[Me]… the slug…

May 11, 2005 journal entry
Pieces of Me collaboration – Deb’s Journal

When I was in college, there was a guy that was part of my group of friends called Doug. We’d nicknamed him Doug the Slug, for various and sundry reasons, but probably mostly because it rhymed (and I seem to recall a band that was quite popular at the time called Doug and the Slugs).

Well… I feel like a slug these days. I’m tired. I don’t feel like creating. I am in a slump, but that’s not to say that my brain isn’t brewing on ideas and planning the next assault on my art workbench. I’ve also been doing some reading–checking out art books and periodicals for inspiration, and reading newly purchased books. I’m a sucker for a new book, mostly of the art and self-help kind, and if both subjects are somehow combined, oh boy, move over ‘cuz here I come!

I picked up (and also ordered on Amazon) some books in the last few days. I pre-ordered the sixth Harry Potter book. Then I ordered some books relating to art and its use in therapy, not to mention a few more that relate to journaling and art. I found another book yesterday at Barnes & Noble entitled Creative Utopia: 12 Ways to Realize Total Creativityby Theo Stephan Williams. I started reading the book last night, and am enthralled. I will quote a passage which struck home with me, because it recounts an experience which almost identically replicates my own:

“I was twenty-three, in love and moving in with my soon-to-be fiance. I knew it all. In the basement of my old apartment building, I hurried to purge my belongings. The dumpster outside was totally empty; this would be a piece of cake. I had forgotten about a large unwieldy box that I had stowed away in my assigned storage area. On rediscovering it I was horrified to see that all my diaries, their keys now rusted, my spiral notebooks, old pens, sketches, memories–everything I had so carefully document from an early age–had become stained and mildewed because of a leaky window nearby.

Without another thought I heaved the cumbersome box into the dumpster. Daunted for just a second, I peered into the rubble resting at the bottom of the rusted steel cave, which would soon be picked up by a colossal blue truck and carried to the incinerator. I shrugged away the dismay; I simply didn’t need that stuff any more. Wrong, oh, so wrong, foolish young girl.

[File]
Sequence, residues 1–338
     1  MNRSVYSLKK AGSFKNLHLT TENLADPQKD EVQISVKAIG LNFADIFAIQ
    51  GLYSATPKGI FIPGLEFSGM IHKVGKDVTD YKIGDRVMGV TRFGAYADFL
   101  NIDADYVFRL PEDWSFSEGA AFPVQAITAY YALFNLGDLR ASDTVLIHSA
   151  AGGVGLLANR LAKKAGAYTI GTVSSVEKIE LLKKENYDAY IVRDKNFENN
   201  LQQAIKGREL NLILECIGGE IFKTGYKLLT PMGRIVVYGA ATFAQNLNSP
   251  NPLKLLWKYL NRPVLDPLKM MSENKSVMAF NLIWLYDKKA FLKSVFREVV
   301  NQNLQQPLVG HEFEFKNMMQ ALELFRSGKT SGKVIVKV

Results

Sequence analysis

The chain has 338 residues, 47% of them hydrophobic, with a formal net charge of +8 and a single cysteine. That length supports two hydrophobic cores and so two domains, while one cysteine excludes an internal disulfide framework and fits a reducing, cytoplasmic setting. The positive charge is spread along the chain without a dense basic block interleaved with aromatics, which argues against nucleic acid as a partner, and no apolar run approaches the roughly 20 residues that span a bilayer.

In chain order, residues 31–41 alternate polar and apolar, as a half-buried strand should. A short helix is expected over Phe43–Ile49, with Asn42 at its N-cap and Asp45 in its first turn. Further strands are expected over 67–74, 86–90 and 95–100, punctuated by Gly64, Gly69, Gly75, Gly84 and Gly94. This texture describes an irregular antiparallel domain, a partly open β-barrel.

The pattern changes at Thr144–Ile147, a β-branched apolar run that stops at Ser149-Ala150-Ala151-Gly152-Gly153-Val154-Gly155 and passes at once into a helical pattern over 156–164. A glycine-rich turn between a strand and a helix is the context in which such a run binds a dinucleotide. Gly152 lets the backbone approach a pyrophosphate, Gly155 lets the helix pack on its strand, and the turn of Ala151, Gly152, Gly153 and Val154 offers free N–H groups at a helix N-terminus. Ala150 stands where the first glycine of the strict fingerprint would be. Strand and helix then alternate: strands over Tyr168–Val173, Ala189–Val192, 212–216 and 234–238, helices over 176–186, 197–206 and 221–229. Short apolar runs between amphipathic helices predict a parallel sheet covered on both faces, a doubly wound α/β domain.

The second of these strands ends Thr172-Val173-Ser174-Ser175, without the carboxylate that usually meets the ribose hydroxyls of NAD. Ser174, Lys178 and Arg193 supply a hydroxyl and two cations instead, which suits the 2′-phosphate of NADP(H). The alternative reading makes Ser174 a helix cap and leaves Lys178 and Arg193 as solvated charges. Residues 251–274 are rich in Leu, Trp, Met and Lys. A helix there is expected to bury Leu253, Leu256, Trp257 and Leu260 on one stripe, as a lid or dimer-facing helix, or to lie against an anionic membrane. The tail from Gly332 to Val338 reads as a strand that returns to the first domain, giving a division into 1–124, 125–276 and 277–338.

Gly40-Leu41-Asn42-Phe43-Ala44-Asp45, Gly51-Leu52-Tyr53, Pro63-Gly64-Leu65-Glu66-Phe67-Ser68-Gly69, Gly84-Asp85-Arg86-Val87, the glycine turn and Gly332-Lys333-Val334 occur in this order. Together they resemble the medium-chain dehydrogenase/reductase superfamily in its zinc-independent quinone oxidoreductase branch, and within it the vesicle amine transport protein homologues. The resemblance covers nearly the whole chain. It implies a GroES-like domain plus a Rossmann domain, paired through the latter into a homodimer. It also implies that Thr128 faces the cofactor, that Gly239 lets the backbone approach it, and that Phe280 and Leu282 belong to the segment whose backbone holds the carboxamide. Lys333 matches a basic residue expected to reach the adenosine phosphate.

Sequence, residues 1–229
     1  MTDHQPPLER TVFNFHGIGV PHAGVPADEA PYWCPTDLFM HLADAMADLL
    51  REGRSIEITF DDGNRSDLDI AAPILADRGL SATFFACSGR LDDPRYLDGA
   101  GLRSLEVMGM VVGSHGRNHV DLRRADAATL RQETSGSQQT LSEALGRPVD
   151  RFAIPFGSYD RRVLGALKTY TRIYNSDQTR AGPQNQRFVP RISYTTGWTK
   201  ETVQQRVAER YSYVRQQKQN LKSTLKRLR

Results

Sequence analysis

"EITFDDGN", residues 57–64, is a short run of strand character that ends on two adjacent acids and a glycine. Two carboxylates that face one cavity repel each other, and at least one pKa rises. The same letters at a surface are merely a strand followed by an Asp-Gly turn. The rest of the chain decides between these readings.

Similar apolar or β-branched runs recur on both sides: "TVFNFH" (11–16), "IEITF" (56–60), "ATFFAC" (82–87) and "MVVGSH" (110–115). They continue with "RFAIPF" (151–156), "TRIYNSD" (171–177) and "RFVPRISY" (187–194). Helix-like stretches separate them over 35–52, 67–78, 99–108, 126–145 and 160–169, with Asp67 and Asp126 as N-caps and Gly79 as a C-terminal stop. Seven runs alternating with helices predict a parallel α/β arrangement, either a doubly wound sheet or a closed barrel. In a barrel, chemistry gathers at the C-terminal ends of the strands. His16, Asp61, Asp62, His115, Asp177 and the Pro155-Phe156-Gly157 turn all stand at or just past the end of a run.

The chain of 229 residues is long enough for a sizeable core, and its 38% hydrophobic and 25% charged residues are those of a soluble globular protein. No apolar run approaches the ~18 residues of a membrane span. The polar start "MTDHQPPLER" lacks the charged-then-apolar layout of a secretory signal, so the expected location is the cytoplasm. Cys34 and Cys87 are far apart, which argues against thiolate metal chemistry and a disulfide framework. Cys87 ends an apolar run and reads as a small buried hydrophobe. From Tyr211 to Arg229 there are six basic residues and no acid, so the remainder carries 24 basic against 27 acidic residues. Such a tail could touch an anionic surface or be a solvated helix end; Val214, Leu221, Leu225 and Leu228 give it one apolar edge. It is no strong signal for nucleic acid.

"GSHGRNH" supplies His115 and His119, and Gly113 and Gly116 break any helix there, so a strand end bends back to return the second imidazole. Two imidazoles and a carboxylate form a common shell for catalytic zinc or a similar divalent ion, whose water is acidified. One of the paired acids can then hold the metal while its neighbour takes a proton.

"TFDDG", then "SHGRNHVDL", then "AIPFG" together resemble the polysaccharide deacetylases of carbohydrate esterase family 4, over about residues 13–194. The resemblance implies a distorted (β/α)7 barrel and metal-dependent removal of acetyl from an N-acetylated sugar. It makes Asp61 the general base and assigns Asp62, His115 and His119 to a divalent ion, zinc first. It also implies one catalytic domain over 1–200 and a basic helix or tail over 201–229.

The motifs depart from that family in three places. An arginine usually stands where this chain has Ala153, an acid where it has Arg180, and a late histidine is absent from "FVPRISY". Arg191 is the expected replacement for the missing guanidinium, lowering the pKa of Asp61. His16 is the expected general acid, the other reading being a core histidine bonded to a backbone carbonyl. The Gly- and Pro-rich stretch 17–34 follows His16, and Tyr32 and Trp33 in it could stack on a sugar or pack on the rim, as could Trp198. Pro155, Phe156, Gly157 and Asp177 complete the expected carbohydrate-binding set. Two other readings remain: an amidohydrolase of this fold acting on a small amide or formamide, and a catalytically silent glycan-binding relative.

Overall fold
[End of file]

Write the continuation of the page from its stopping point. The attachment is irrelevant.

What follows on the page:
I have regretted that loss for many long years and I have become quite a pack rat, keeping everything containing even an inkling of a penned memory, reflection or inspiration from my past. Erasure is impulsive and the result is immeasurable, irretrievable and unforgivable. Enough said.”

I could have written that passage. I did a similar thing in my early 20’s, reading through the diaries that I’d kept from fifth grade through my teens and became so embarrassed by all the blathering about boys and such that I decided that I’d “outgrown” them, and tossed them out, including a bunch of poetry I’d written. To this day I regret that moment of bad judgement, that moment of being so full with my “adult” self that I couldn’t look past the embarrassment and find the strength to keep all of those writings for my future self. I, too, am a consummate pack-rat, in my middle age (just ask my husband).

It’s muggy this evening, although it’s cooled down; I still haven’t quite adjusted to the higher humidity levels that we have here, living closer to the coast, even though it has been almost two years since we’ve moved here. It’s more humid but not quite as cool as it gets closer still to the coast, so we get the muggy without the cooler temperatures. We used to live inland, where the temperature was HOT but it was really dry. In the evenings we’d get the coastal winds blowing through the valleys and it would cool down really nicely (although during the day it would be so hot outside, even at this early time of the year, that I would hole-up inside and not want to venture out much, if it could be avoided). But… the lack of humidity was definitely a plus. The heat combined with the humidity remind me of home (Montreal). I hated it then, and I don’t feel any different about it now.

It’s Sunday night and there are only a few hours left of the weekend. I’m ready for a shower and will read a bit more of this wonderful book and then slumber off. Tomorrow is the start of another week, and there is no such thing as a slow week for me these days.

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